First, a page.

Growing pains questions

Discussion in 'Business Operations' started by stomachbuzz, Jul 9, 2018.

  1. stomachbuzz

    stomachbuzz LawnSite Member
    Messages: 115

    I'm an extremely productive one-man op. I do great work, have a great image, and I charge accordingly.
    1. How can I smoothly evolve into a 2-man op?
    2. I have a compact pickup. It's great for my current op, but considering full size. Your input?
    3. What hours do you make noise?
    4. How do you know when to do a customer's lawn?
    5. How do you get bigger? (advertise/gain more customers?)

    I'm 23, and doing a one-man op. Previously, I was doing this just for $$ for college. I'm an entrepreneur at heart, and this pays a lot better than a 'real job' (how many times have you heard someone say 'when are you getting a "real job"??' lol).
    I had tunnel vision, but recently, I've started to pick my head up, look around, and pay a bit of attention to the bigger guys. Also, I very recently got access to some land to park a trailer and equipment so that helps.

    I'm now attracted to the challenge and interested in growing the business. At least try it out for a few years.
    I've started to wonder about things, even some really basic stuff (like, am I actually mowing the lawn correctly???).

    So I've got some questions:
    • Advice on a truck? I know, age-old question. Has anyone gone really far with a compact pickup? Or with just a full size truck? No trailer?

      I have a 2005 Tacoma 4x4 4cyl. I enjoy my 19mpg, Great A/C :D and fantastic for my 21" Honda, 30" Exmark, trimmer, blower, misc tools. I pick the mowers up, and put them in the bed. No ramps. Also great at getting ~1.5yd bulk mulch.
      Prob will tow a 5x8 w/36" WB fine. Towing cap. is 3500lbs but...:nono:

      Considering a full size, but pros/cons list gets complicated. 07+ Tundras are $$$ (and f***ing HUGE), so I looked to the Titan. I love an underdog (Nissan), but the truck doesn't project well to me after looking at common problems.
      Just curious what truck people use, and what they think of it? I assume most use a 1999+ domestic crewcab truck.
      INB4 "you need a diesel if you're serious," I'm sure most don't even tow 3k. My 5x8 is 350#, 36"WB is 400#, 21" is 130, 30" is 170, blower, trimmers, etc ~100# at most. Accounting for a larger operation, if you have a 500# trailer, and 3 big mowers (say, 3x600), that's still barely pushing 2500#.

    • What are your hours of operation? How early and late are you comfortable working/making noise?
    • How do you organize your scheduling/rotations? An electronic/software method of alerting you "Hey, it's Monday, go do Sally's lawn"? I use a desk sized calendar and write everything down, then just look to see 7, 10, 14 days since I did John's lawn, then I remember "John is a weekly guy" and add it to the list.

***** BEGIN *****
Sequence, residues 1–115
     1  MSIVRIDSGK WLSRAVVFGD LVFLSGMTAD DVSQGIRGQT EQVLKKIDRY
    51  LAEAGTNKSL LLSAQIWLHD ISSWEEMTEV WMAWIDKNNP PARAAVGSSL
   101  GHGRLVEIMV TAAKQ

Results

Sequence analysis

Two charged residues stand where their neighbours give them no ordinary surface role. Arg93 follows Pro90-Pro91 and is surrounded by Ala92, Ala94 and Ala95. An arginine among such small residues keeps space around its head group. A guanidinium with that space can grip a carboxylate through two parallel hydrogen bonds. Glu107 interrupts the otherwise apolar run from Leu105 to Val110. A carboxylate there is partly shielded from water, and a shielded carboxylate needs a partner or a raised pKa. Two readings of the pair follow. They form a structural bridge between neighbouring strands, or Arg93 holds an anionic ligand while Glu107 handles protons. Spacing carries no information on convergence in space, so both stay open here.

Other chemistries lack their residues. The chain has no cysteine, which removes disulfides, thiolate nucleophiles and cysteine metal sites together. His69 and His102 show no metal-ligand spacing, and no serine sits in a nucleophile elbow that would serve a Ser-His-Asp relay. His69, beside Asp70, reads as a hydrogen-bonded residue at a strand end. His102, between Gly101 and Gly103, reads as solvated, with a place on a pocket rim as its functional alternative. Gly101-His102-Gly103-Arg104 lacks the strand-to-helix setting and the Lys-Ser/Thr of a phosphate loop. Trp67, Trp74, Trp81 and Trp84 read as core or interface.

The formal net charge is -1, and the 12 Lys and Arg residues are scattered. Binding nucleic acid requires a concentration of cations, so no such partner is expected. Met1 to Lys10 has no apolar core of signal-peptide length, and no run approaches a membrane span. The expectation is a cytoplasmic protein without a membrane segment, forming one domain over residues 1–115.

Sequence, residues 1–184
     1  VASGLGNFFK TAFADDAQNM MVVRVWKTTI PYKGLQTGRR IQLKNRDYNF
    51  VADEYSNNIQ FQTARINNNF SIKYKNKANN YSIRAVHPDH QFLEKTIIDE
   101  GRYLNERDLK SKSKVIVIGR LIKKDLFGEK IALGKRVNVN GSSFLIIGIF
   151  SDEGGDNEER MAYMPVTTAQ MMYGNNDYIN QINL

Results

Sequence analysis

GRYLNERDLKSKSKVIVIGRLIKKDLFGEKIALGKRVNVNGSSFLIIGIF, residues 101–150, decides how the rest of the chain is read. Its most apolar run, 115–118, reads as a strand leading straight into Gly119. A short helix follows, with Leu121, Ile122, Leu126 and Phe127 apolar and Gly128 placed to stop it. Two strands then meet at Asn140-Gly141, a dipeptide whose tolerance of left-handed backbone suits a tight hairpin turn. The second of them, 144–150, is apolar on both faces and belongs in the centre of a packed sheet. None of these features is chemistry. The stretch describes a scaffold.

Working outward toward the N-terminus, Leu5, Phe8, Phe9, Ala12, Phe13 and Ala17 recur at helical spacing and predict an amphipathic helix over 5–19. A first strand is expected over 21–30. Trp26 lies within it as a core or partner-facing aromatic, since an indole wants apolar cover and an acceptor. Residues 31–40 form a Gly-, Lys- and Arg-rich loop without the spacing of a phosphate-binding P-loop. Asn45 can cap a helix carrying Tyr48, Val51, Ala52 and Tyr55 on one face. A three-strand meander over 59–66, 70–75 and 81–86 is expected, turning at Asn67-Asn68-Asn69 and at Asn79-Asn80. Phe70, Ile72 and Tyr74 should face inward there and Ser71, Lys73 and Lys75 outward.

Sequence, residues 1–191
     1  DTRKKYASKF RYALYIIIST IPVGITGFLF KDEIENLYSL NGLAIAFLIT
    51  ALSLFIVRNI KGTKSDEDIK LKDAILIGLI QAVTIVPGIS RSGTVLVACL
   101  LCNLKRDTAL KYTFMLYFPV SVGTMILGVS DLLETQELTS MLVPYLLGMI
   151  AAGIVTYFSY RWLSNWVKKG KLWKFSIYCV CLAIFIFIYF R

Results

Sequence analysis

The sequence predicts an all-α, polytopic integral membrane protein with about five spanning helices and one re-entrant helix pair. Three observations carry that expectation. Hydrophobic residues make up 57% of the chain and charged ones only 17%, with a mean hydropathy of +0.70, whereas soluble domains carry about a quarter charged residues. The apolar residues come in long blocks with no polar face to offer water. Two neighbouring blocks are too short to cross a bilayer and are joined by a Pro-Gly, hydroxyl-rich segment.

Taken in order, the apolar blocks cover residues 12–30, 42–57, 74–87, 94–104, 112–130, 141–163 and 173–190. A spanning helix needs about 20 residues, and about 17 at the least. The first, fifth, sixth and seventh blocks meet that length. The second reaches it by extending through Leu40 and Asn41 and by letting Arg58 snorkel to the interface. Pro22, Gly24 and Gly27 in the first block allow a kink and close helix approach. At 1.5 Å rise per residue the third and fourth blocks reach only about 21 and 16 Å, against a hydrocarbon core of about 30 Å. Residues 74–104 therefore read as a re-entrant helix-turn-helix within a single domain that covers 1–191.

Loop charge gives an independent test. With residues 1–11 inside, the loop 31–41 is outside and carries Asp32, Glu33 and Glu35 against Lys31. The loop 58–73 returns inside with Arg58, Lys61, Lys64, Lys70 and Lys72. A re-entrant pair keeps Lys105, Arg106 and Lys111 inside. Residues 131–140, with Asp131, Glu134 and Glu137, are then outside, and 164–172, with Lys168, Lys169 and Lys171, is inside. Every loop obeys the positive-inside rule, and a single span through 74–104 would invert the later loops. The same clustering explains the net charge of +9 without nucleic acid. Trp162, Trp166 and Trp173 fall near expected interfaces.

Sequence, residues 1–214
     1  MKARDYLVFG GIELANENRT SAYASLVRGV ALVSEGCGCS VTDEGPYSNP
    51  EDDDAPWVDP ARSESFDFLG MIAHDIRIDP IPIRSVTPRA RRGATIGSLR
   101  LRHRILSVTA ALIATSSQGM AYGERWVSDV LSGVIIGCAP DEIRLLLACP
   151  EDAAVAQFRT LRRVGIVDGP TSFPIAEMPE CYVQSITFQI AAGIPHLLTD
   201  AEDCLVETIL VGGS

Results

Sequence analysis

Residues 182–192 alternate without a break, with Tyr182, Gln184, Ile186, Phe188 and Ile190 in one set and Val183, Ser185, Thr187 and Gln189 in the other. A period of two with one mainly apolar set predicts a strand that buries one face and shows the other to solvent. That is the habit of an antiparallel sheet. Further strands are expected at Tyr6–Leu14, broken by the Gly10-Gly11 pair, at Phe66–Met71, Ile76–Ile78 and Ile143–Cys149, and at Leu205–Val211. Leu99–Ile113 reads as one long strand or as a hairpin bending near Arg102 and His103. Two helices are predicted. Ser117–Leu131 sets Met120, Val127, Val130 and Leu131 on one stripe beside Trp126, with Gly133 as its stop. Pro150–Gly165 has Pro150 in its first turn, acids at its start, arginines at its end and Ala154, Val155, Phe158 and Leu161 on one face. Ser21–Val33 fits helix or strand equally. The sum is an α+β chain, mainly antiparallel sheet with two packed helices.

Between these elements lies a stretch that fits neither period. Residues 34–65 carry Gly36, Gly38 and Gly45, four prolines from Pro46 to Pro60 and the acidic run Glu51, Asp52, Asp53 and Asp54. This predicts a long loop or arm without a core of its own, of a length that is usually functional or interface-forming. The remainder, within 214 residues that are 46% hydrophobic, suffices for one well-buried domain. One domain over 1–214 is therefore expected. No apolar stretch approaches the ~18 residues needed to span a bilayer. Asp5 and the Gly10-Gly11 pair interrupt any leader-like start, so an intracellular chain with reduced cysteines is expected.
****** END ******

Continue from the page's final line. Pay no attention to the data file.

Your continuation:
• How did you make the jump from a 1 to 2-man gig? I'm at that point now. Currently working ~70hrs/week. With 2, I'd get more done, but worried about the "learning curve" with a new guy. It would be learning for both of us, as he would have to learn my method, but also I would have to learn how to teach and manage.
      I'm not a perfectionist, but I'm detail oriented. I provide a certain "environment". Friendly, careful, college student image, reliable, always have a minute to talk, etc. I want to clone myself, not pick up a 30y/o laborer from Home Depot, but maybe I'm wrong. I know those guys are very hardworking, I've been jealous for years of their work ethic, but it's not the image of direction I want to pursue. I feel like that's an extremely saturated operation in my area. Considering my brother, but he's 16y/o, overweight, lazy, and never even touched a lawn mower in his life....

      To quote Fight Club - "A guy who came to Fight Club for the first time, his ass was a wad of cookie dough. After a few weeks, he was carved out of wood."
    • How do you advertise/get more customers? I want to 'cluster' my clients if possible. Do you take 5-10mins and knock on neighbor's doors when doing a lawn?
    Will add more questions later. Funny how I've had 10 of them swimming in my head for days, but when I sit down to type them out, I struggle to remember 3!
  2. BigJlittleC

    BigJlittleC LawnSite Platinum Member
    from Chicago
    Messages: 4,812

    Truck would depend on your work. I personally run out of a truck bed and have no plans on getting a trailer anytime soon. Be doing it this way since 2012. But I'm in the inner city doing small lots so a big mower is of no use to me.

    As far as when I start local noise laws say I cannot start running equipment till 9am. I quit when I've finished my list for the day which is anywhere between 1-6 pm.

    Schedule is set up on yardbook. Check it out it's free.

    Making the jump is something someone else will have to help you with. In solo and plan to stay that way.

    I don't advertise much anymore. I do have a website, Yelp, and Houzz page. I get enough leads from them and direct customer referrals that I have more then enough work.
  3. ed2hess

    ed2hess LawnSite Fanatic
    Messages: 15,679

    What was your college degree in?
  4. OP

    stomachbuzz LawnSite Member
    Messages: 115

    Thanks for you reply. I appreciate it. It seems you're probably in a similar situation as I am. I'm in the Silver Spring/ Wash DC area. Not quite inner city, but most lots are sub-9k sq ft, and my 21" has been nearly perfect. Still though, there's always a ton of larger lots that I have to turn down every year. Even just 2 miles away there are some 1+ acre lots. Even if my 21" is a good fit, I could still speed things up by having a 2nd person, and so forth.

    Just curious, what equipment are you using? Truck, and mower, etc?